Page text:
TUCSON, Ariz. (KOLD News 13) - The U.S. Department of Commerce is proposing a pair of changes to end the anti dumping investigation between Florida tomato growers and Mexican tomato growers which is decades old.
Under the agreement, every Mexican tomato coming into the United States would be required to be inspected at the border instead of the present 8 percent.
The agreement also would prevent Mexican growers from reaching compensation deals with buyers in the case of rejected or “bad” tomatoes.
In a letter to the Department of Commerce, Arizona Senators Kyrsten Sinema and Martha McSally argued both provisions are unfair and would cost Arizona jobs and cross border commerce.
They said jointly the provisions are “unworkable” and unnecessary.
“We are fighting for our lives in this business,” said Lance Jungmeyer, President of the Fresh Produce Association. “This is a solution in search of a problem.”
Jungmeyer says 99.9 percent of the tomatoes which are required to be inspected pass grade.
To require all the tomatoes in all of the trucks, which can be more than 300 a day, to be inspected basically shuts down the industry.
At the present time, about half the tomatoes on store shelves in the course of a year are domestic and about half are Mexican.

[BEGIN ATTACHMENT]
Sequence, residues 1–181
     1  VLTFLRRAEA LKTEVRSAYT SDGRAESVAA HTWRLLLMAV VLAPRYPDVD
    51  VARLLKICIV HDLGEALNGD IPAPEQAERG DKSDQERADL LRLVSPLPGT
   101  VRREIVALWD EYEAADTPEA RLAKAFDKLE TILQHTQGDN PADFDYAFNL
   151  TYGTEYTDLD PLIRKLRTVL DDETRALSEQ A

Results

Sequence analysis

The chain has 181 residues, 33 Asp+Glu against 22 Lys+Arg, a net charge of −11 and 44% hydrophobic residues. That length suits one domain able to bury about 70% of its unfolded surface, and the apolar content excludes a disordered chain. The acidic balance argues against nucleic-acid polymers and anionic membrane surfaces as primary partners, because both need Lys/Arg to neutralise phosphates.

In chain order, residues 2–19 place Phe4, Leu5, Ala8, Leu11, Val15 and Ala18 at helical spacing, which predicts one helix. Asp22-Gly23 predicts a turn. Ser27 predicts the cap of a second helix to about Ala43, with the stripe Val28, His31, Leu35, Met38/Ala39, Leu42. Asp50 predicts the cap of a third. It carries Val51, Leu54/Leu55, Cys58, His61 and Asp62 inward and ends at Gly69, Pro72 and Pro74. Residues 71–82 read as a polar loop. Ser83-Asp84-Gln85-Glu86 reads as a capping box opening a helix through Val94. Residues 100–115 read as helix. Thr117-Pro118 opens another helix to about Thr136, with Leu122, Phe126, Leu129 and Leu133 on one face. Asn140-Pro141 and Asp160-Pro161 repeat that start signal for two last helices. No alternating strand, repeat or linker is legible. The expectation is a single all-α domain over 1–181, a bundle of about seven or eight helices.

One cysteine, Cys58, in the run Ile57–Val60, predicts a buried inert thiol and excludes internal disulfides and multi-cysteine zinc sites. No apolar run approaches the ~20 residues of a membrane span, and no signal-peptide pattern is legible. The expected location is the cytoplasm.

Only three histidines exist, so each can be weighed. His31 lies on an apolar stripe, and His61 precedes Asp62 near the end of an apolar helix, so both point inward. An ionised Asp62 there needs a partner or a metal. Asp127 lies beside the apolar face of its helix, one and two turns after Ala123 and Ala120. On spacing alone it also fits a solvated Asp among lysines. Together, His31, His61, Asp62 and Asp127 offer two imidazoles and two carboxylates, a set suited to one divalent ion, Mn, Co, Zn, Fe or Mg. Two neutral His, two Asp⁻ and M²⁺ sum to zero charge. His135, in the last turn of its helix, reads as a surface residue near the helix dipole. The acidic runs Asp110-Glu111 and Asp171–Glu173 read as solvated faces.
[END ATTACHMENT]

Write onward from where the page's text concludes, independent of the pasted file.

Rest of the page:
While the domestic market is growing, there’s not enough capacity now to replace the tomatoes coming from South of the border.
There are also differences in quality, consumer demand and price.
If the US growers suffer a hard freeze in winter, the Mexican grower serves as a back up. Without that, the consumers could see shortages and higher prices.
Jaime Chamberlain, President of J-C Distributors in Nogales, helped draft the letter which was sent to the Department of Commerce.
“It’s great to see our two Senators, from different parties, taking a stand on this,” he said. “They get it.”
Chamberlain’s family has been in the cross border produce trade for half a century.
He said not being able to negotiate for rejected tomatoes puts them at an unfair advantage with domestic growers.
“You wouldn’t buy a car without a warranty,” he said. “The buyers of our products feel the same.”
His family business has been hit first by tariffs and now the uncertainty from the commerce department. That has him looking for other markets sell his produce.
“Going to Europe, going to Asia, that’s something we’re exploring a lot more,” he said. “We think there are opportunities there."
He says he’d prefer to sell in the US because its a bigger market and has been part of the cross border trade since 1895 “but going to Europe is not out of the question.”
The Mexican tomato industry is estimated to create 33,000 jobs and is responsible for $5 billion in trade.